Son Step is a polyrhythmic four-piece, hailing from the self-proclaimed “original Philadelphia.” They’ve gotten a good buzz going for them over the past few years, picking up tags like “unconventional” and “unique” for their experimental, electro-pop approach. The bandmates, unorthodox brainstormers all, are close kin—literally. Tackling synthesizer, vocals and electrics is Jon Coyle, whose twin brother Chris acts as the beat’s rudder on on bass. Longtime friends Joel Gleiser and Matt Scarano round out the melody, with their own contributions on the electric, vocal and percussion home front. Together, they create a sound that’s best reflected in the cover art of their latest EP, Natural Majique—done by Nicholas Bohac—a semi-abstract forest landscape that feels like a more lucid cousin of Picasso. It’s a mesh of warm and tranquil colors, with mountain peaks crafted from something reminiscent of fractured stained glass. True to Son Step’s vibe, it’s both familiar and slightly surreal, intricately crafted and still serene.
Of the album highlights, “Sweet Wife Life” is a top contender. It’s a slyly busy beat, and the percussion rolls steadily beside a wind chime-esque electronic ting. The vocals are soft and blend together like a murmur of rolled consonants, at times hard to distinguish from one another, but never in a way that distracts from the melody. In fact, the pairing of instruments and hushed crooning feels like a quick way to get loose and sun-soaked, thanks to a few tropical notes in the melody. Also, the name alone elicits a quick, knowing smile.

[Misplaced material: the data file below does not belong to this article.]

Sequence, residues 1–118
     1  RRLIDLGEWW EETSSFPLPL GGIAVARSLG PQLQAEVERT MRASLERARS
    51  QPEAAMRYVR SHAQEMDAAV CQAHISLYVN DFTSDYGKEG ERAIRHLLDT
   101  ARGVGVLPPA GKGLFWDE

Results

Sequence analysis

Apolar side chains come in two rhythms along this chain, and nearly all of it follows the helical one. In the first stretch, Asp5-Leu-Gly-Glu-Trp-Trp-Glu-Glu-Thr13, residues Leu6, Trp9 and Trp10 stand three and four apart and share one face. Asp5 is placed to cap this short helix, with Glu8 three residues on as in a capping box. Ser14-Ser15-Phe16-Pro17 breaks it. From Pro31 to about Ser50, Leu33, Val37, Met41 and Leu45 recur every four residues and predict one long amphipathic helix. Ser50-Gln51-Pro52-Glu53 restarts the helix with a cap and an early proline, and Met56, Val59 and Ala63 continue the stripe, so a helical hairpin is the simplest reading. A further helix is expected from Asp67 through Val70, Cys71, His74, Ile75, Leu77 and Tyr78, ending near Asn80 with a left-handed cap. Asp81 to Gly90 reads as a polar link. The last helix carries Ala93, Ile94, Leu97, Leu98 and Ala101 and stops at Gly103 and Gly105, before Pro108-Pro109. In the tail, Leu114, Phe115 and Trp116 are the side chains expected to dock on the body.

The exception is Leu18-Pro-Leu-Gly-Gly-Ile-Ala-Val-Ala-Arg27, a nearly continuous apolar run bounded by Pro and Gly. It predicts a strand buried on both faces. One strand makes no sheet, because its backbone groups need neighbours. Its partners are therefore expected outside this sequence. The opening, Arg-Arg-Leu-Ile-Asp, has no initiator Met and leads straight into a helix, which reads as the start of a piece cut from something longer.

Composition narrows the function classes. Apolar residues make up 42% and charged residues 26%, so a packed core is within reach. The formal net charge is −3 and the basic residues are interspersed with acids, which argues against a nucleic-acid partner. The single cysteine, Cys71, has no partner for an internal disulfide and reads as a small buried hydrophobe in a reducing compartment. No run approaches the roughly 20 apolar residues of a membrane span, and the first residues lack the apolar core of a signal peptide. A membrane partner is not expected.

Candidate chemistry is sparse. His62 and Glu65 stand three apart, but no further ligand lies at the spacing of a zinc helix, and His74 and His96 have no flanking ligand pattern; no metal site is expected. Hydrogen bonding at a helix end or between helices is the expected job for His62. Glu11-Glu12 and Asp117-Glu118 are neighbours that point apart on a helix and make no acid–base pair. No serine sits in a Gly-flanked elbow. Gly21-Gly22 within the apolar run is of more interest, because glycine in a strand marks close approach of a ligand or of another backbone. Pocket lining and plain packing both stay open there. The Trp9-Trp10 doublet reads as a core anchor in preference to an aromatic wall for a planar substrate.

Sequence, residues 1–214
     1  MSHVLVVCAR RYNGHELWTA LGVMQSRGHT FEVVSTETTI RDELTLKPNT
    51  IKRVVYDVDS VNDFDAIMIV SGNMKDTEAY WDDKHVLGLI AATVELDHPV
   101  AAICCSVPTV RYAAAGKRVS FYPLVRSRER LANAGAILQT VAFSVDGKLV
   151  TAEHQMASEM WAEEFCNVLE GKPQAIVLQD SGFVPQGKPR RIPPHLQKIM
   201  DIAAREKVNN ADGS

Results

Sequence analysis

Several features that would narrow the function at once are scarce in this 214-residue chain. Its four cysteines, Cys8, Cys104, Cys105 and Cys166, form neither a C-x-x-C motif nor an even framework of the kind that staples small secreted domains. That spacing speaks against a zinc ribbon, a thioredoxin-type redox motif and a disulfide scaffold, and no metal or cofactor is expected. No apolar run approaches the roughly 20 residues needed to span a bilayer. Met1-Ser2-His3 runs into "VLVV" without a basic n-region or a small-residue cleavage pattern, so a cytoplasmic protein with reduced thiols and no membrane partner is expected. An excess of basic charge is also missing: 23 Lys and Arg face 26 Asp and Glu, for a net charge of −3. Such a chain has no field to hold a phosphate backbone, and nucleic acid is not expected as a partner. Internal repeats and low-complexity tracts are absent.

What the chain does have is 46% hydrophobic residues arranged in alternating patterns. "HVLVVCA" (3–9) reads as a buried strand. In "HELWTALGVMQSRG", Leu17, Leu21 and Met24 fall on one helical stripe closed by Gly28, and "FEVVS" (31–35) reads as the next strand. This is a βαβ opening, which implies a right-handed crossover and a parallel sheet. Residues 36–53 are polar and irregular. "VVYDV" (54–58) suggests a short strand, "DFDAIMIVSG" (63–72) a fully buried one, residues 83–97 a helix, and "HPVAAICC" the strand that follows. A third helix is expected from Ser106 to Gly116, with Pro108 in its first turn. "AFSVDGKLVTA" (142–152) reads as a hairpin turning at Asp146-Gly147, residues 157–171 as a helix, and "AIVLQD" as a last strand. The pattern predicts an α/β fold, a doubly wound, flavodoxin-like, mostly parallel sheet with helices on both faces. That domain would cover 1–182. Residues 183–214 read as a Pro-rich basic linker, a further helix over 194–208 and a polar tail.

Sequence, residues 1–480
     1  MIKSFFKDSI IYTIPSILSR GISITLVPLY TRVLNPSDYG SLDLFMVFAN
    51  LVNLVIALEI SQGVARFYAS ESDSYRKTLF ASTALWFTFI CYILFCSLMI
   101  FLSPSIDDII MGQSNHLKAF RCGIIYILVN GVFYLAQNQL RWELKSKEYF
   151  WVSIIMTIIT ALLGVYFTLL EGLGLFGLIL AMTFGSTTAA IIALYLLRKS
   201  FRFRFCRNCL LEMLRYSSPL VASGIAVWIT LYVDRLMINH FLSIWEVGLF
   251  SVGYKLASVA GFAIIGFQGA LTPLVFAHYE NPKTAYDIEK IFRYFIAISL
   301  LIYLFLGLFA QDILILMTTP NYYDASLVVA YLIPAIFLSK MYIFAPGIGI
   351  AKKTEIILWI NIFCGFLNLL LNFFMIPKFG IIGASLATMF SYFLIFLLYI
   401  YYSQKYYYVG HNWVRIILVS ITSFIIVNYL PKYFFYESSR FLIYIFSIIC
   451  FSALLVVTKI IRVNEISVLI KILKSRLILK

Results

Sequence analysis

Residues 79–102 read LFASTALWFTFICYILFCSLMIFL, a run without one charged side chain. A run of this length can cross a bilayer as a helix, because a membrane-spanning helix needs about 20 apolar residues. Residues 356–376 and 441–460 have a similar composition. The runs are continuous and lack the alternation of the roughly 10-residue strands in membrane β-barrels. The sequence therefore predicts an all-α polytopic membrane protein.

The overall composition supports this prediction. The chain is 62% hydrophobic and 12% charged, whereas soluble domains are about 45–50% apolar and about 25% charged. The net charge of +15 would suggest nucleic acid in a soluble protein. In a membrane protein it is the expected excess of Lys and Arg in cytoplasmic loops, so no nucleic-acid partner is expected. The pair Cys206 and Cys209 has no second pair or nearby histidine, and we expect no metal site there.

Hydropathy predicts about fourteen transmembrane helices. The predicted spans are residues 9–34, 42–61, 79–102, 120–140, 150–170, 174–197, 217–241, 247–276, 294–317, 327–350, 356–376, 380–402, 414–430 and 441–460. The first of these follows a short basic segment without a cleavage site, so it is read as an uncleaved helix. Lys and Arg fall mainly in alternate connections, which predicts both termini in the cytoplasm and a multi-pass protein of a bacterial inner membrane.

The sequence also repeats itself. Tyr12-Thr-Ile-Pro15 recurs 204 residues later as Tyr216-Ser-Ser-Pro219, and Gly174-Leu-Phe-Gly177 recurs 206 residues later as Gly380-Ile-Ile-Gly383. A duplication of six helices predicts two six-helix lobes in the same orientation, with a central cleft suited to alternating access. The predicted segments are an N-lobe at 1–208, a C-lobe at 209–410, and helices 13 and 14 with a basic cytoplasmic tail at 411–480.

Following we have “Mai Lai Wah,” which opens with a somewhat somber echo, like the ghost of a laugh. Then it breaks into a slow and pondering beat, with the vocals drifting to high, airy pitches, imparting a soothing (if not slightly sad) weightlessness. These more solemn undertones are just that, though, and they don’t overwhelm or engulf the otherwise delicate and beautiful melody. If anything, they’ll pull you into a brief moment of introspection, guided by cradling vocals that whisper, “Even if I come back to the ground / I’ll die, I’ll die.” It’s deep and relatable, and rich with personal meaning for Jon Coyle, who explained to Philadelphia outlet The Key, “It’s about being present, and trying to find something lasting by embracing unpredictability.” It’s a track that could easily take first place on my list of Son Step favorites (and yes, it is named after the late-night Chinese spot, for you Philly natives).
Natural Majique is a touch avant-garde, but also firmly rooted in soul and lo-fi. Son Step live up to their reputation with their peculiar (but captivating) song structures, which give the group an edge over every other aspiring electro-indie outfit. They take dips into the uncanny, creating a dreamworld for us to sleepwalk through, half-awake and half at rest, where the scenery is both recognizable and preternatural. This EP is a jumble of moving parts that have been stitched together in a way that works, and it's well worth the effort to tease apart just how they did it.